Cool Dads

Shark Tank’s Daymond John Strikes A Balance

The FUBU founder and Shark Tank mainstay talks fatherhood, finding work-life harmony, and his quest to help kids learn financial literacy.

by Mike Diago
Ariela Basson/Fatherly; Getty Images, Shark Group
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Daymond John, the founder and CEO of FUBU, always dresses the part. In the ’90s, he was famous for posing in sunglasses, a leather FUBU racing bomber, and a dazzling FB chain, alongside A-list brand ambassadors like L.L. Cool J. On Shark Tank, which he’s been a part of since 2009, John studies sales pitches with his clasped hands, wearing crisp pinstripe suits and 4-carat diamond earrings. So, it’s a bit startling when, on our recent Zoom call, John takes a moment to methodically position a huge, Monopoly-man-like tophat on his head. “Is this an audio interview?” he asks with a smirk. “Because if it is only audio, you wouldn’t be able to see my beautiful hat.”

While the man is as smoothly assertive as ever, it's easy to see that fatherhood has pushed him into silly dad territory.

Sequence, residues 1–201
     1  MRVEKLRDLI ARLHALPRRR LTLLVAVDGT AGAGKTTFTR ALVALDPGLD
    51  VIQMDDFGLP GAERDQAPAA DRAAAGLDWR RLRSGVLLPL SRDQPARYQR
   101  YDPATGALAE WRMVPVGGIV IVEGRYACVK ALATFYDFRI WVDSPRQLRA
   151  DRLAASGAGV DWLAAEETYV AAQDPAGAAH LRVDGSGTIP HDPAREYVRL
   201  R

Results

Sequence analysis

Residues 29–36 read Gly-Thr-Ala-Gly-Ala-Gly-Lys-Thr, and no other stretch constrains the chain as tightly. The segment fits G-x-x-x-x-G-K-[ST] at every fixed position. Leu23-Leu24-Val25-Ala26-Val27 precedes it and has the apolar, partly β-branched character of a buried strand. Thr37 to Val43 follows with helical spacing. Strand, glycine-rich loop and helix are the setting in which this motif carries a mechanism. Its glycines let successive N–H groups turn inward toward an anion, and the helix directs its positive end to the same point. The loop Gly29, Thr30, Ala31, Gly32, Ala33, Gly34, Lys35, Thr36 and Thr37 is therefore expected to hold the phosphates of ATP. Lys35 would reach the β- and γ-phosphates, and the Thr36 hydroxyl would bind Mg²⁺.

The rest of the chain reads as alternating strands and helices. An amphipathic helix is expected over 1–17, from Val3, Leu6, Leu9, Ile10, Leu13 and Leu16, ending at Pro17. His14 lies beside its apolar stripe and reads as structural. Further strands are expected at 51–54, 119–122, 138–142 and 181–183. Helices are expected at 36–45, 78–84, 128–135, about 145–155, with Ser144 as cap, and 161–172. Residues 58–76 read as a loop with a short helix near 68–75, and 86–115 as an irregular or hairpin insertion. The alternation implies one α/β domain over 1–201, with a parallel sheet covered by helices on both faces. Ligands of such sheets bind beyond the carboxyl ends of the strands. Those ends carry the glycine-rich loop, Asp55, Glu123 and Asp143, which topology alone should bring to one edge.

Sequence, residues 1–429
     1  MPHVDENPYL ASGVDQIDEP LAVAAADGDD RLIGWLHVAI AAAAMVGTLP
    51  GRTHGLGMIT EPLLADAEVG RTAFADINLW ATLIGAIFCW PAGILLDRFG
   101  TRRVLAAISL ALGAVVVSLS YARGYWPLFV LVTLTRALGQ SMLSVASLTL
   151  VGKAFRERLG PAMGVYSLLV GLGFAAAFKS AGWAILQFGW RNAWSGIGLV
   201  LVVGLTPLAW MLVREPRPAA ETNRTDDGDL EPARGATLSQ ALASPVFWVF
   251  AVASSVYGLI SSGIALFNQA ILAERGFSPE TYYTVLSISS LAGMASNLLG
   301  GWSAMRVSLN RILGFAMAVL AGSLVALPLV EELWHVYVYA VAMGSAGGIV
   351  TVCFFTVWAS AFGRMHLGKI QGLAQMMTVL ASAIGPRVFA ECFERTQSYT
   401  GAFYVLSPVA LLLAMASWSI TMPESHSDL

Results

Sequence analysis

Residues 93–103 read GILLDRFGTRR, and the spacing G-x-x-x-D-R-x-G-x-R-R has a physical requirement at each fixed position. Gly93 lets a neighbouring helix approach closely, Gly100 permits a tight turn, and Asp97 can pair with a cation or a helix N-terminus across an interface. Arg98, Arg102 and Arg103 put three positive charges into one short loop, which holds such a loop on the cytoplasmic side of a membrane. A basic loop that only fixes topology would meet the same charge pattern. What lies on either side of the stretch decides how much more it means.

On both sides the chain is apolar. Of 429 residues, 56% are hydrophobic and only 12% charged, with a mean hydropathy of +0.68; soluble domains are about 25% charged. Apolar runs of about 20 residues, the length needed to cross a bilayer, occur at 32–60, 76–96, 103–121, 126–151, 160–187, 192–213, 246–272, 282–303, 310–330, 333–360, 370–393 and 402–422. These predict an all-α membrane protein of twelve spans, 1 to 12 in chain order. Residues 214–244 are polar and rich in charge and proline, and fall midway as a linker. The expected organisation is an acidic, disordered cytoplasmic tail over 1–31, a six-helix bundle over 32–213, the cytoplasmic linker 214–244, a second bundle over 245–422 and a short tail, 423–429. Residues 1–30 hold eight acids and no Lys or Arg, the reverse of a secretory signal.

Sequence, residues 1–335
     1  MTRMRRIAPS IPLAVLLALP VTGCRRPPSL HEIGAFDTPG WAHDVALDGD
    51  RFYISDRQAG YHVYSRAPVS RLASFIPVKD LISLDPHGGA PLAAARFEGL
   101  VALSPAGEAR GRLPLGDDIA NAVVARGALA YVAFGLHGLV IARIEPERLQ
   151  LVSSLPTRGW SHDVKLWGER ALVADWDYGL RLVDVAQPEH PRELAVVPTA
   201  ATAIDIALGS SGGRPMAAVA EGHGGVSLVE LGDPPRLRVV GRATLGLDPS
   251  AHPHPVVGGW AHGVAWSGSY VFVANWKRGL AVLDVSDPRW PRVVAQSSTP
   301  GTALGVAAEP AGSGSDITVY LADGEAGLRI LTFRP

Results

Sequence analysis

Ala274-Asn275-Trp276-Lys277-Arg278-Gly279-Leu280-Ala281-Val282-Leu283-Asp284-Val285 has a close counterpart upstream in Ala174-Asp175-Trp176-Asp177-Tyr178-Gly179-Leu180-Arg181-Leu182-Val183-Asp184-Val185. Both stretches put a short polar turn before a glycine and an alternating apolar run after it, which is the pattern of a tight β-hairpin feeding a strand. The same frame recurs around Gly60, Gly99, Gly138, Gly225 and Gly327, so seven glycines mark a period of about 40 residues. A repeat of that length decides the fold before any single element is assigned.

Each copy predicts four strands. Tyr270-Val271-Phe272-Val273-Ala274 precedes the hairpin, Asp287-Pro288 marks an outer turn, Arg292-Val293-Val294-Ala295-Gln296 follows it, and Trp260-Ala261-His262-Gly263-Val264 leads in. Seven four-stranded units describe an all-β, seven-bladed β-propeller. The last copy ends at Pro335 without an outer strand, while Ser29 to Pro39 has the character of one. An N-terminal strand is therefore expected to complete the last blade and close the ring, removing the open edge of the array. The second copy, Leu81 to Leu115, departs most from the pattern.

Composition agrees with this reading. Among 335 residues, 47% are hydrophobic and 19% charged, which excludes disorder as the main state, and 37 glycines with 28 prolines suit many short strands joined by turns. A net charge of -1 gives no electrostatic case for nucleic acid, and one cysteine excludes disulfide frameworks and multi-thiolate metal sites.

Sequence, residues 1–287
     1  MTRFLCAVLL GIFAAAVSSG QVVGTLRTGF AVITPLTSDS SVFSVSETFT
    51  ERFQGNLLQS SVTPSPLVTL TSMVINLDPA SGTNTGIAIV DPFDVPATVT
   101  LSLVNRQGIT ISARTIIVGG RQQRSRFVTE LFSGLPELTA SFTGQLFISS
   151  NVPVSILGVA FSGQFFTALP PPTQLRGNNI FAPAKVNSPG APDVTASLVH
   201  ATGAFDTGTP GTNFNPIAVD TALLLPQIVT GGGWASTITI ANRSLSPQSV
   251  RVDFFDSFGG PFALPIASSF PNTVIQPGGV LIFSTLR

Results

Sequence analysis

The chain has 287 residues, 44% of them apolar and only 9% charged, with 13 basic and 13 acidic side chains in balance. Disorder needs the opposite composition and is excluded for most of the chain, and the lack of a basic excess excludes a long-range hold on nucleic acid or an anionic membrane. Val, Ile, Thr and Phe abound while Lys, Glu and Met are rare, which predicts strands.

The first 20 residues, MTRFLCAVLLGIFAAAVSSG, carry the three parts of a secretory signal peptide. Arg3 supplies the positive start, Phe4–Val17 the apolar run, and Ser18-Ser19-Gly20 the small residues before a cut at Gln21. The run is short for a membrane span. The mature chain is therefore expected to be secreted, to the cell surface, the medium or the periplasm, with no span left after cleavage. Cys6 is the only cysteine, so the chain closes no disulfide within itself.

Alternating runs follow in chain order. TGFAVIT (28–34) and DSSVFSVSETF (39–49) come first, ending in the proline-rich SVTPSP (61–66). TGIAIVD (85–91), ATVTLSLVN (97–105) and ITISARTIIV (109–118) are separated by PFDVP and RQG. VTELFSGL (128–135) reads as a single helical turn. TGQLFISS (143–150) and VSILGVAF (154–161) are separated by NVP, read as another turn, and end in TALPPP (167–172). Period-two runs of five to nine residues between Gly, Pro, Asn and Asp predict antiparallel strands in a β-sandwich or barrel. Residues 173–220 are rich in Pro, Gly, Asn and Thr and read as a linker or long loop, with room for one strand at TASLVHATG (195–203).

John hasn’t always had that sense of balance — or sense of humor. He was raising his two eldest daughters, Yasmeen and Destiny, now in their 20s, during the early days of FUBU. As he bootstrapped the legendary apparel company from a street corner in Hollis, Queens, to an internationally known global brand valued at $6 billion, family life was often pushed to the periphery. After a divorce in 2003, and a thyroid cancer scare a year after his third daughter, Minka, was born, in 2016, he was motivated to change.

He recalls words from a co-worker that struck him: “I was someplace on business, and one of my guys kept saying, ‘I gotta get to San Diego tonight. I have to take my two daughters on dates.’ He said, ‘If I don’t show them how a man is supposed to treat them, how will they ever know?’ He was very intentional about that. I felt like shit when I heard that. Because I remember my oldest girls, I didn't do that for them.”